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Table 1 Diagnostic criteria for idiopathic intracranial hypertension syndrome (IIH) (adapted from Friedman DI, et al., 2013) [8]

From: Infantile idiopathic intracranial hypertension: case report and review of the literature

Diagnostic criteria for IIH: A-E required
a. Papilloedema
b. Normal neurologic examination, except for cranial nerve abnormalities
c. Neuroimaging: normal brain parenchyma without evidence of hydrocephalus, mass, or structural lesion and no abnormal meningeal enhancement on MRI, with and without gadolinium, for typical patients (female and obese), and MRI, with and without gadolinium, and magnetic resonance venography for others; contrast-enhanced CT may be used if MRI is contraindicated or unavailable*
d. Normal CSF composition
e. Elevated LP opening pressure (> 25 cmH2O in adults; > 28 cmH2O in children; > 25 cmH2O CSF if the child is not sedated and not obese)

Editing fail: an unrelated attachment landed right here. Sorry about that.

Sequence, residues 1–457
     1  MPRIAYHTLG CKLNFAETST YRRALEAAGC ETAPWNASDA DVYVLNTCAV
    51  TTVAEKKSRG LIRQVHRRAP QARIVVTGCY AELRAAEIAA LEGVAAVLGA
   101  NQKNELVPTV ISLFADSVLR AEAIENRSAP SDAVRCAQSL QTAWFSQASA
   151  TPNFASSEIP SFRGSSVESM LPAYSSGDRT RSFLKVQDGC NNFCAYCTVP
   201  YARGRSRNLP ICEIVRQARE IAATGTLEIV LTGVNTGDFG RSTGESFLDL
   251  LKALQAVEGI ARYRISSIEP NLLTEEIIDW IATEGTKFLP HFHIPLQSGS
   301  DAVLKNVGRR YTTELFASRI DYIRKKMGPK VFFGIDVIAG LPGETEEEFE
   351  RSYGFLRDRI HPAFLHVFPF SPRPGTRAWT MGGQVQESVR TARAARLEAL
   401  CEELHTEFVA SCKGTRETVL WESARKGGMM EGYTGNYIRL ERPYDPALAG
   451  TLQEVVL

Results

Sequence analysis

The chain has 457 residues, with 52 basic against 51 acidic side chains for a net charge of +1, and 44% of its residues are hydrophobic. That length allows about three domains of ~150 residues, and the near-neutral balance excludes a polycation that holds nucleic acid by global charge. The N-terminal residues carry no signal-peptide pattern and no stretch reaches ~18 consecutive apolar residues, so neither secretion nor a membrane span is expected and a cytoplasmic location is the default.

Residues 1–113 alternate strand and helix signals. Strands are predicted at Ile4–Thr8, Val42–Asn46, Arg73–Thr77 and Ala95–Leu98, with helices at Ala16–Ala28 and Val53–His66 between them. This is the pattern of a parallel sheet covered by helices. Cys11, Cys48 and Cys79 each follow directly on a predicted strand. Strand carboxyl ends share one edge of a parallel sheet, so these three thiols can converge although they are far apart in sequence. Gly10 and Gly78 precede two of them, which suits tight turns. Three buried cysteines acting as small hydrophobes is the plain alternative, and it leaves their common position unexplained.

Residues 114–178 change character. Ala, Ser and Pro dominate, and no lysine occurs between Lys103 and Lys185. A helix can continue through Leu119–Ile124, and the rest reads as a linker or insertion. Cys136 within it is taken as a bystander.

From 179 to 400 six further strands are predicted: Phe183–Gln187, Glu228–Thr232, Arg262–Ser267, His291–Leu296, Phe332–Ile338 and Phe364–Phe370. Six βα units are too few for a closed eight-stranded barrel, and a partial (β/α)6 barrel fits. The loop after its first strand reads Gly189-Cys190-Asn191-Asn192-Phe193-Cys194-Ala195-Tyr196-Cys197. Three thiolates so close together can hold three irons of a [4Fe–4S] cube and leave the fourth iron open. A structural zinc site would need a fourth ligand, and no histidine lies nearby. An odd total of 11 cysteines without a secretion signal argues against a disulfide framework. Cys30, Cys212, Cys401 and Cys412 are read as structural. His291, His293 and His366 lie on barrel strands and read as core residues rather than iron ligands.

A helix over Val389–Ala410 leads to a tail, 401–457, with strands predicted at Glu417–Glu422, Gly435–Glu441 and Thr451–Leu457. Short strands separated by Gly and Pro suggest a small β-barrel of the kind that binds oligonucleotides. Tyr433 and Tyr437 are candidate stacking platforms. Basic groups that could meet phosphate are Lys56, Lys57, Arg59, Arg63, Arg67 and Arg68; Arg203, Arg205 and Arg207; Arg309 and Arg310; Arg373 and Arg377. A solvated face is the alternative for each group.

Diagnostic Criteria for IIH without Papilledema
a. B-E from above PLUS unilateral or bilateral VI nerve palsy
b. Diagnosis may be suggested, but not made in absence of VI nerve palsy nor papilloedema if B-E criteria from above satisfied AND at least 3 of the following neuroimaging criteria are satisfied:
1. Empty sella
2. Flattening of the posterior aspect of the globe
3. Distention of the perioptic subarachnoid space
4. Transverse venous sinus stenosis
A diagnosis of IIH syndrome is definite if the patient fulfills criteria A-E.
The diagnosis is considered probable if criteria A-D are met, but the measured CSF pressure is lower than specified for a definite diagnosis.
* Signs of elevated intracranial pressure frequently found on MRI: perioptic subarachnoid space distension and empty sella.